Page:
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I found a code here Printing 1 to 1000 without loop or conditionals

Can someone please explain how compile time recursion works, couldn't find it in google

// compile time recursion
template<int N> void f1()
{ 
    f1<N-1>(); 
    cout << N << '\n'; 
}

template<> void f1<1>() 
{ 
    cout << 1 << '\n'; 
}


int main()
{
    f1<1000>();
}

Thank you!

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Actually there is a trick, the specialization is a conditional, though there is no if keyword... –  Matthieu M. Mar 11 '11 at 18:20
    
Is there a rule of thumb about much faster this is than run time recursion? –  David Doria Jan 29 '12 at 20:26
    
Whats the benefit of using this in place of regular recursion? –  zzzzz Jun 10 '13 at 8:03

5 Answers 5

up vote 10 down vote accepted

It repeatedly instantiates the f1<N> template with decreasing values for N (f1<N>() calls f1<N-1> and so on). The explicit specialization for N==1 ends the recursion: as soon as N becomes 1, the compiler will pick the specialized function rather than the templated one.

f1<1000>() causes the compiler to instantiate f1<N> 999 times (not counting in the final call to f1<1>). This is the reason why it can take a while to compile code that makes heavy use of template meta-programming techniques.

The whole thing relies heavily on the compiler's optimization skills - ideally, it should remove the recursion (which only serves as hack to emulate a for loop using templates) completely.

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It works conceptually almost the same way as runtime recursion. f1<1000> calls f1<999> and then prints out 1000. f1<999> calls f1<998> and then prints out 999, etc. Once it gets to 1 the template specialization acts as the base case to abort the recursion.

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why does it print from 0 to 1000 and not from 1000 to 0? –  VextoR Mar 11 '11 at 14:43
1  
@VextoR: That's because it first calls f1<N-1>, then prints. –  sharptooth Mar 11 '11 at 14:46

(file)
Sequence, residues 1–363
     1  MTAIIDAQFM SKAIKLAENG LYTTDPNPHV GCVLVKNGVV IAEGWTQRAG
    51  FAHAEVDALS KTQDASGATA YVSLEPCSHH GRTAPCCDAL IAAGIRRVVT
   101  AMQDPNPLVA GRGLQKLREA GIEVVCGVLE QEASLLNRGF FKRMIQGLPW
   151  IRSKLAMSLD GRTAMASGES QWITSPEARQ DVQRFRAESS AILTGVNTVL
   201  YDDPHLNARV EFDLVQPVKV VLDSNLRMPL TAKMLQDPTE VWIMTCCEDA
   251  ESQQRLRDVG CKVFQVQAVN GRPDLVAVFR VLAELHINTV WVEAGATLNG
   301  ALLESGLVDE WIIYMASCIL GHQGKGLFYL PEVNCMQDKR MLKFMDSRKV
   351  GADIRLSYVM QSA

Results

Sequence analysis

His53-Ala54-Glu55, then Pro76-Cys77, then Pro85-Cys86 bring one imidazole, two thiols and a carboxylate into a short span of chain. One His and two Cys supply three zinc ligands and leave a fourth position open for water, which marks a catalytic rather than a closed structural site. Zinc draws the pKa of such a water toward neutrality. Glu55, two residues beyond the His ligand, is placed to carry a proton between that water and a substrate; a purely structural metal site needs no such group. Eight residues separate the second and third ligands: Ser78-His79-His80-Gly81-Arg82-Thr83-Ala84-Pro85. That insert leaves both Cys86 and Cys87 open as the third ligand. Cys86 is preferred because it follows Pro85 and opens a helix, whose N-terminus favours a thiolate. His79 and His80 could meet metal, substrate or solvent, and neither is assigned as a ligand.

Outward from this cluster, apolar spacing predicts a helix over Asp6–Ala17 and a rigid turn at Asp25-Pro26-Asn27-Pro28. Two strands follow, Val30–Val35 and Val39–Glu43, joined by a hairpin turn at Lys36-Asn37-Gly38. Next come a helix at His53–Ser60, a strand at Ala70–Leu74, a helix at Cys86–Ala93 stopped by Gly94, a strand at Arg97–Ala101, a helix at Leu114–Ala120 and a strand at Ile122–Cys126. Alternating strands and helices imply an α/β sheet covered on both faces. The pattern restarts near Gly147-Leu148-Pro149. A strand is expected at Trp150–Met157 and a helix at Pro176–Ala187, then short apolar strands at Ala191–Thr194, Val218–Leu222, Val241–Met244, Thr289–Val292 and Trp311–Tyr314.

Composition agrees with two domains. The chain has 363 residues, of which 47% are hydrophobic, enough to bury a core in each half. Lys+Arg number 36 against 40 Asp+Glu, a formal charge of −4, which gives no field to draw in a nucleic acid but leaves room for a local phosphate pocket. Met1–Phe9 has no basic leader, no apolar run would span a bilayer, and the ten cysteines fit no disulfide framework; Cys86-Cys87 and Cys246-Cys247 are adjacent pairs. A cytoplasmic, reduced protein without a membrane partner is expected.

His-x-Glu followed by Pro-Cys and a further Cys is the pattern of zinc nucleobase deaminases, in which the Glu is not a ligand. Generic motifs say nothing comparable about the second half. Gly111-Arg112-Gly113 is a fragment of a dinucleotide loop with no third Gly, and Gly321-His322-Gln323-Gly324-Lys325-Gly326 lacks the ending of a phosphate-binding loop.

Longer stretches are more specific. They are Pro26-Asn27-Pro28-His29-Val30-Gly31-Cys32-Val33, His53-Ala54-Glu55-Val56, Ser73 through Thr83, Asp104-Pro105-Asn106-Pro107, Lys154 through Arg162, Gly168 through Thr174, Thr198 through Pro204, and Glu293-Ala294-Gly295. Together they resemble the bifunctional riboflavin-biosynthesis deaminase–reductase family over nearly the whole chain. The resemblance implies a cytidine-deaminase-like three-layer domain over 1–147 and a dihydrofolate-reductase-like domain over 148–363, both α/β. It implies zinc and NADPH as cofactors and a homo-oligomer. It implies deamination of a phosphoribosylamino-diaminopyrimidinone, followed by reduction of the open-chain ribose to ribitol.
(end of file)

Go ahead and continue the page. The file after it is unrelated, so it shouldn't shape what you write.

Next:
1  
@VextoR because it's outputting N to the console AFTER instantiating the next template. –  Maxpm Mar 11 '11 at 14:47
    
@sharptooth <N-1> == 999? Should it print "999" ? –  VextoR Mar 11 '11 at 14:48
    
@VextoR: No, it first calls f1<999>(), then prints 1000. –  sharptooth Mar 11 '11 at 14:50

Simple enough, each template instanciation create a new function with the changed parameter. Like if you defined: f1_1000(), f1_999() and so on.

Each function call the function with 1 less in it's name. As there is a different template, not recursive, to define f1_1() we also have a stop case.

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This is not guaranteed to be pure compile-time recursion. The compiler will have to instantiate function f1() for all parameters value from 2 to 1000 and they will call each other.

Then the compiler might see that those calls can be just turned into a sequence of cout << ... statements. Maybe it eliminates calls, maybe not - this is up to the compiler. From the point of C++ this is a chain of function calls and the compiler can do whatever as long as it doesn't alter behavior.

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You have factorial calculation explained here.

btw that a note that your function doesn't work for negative numbers.

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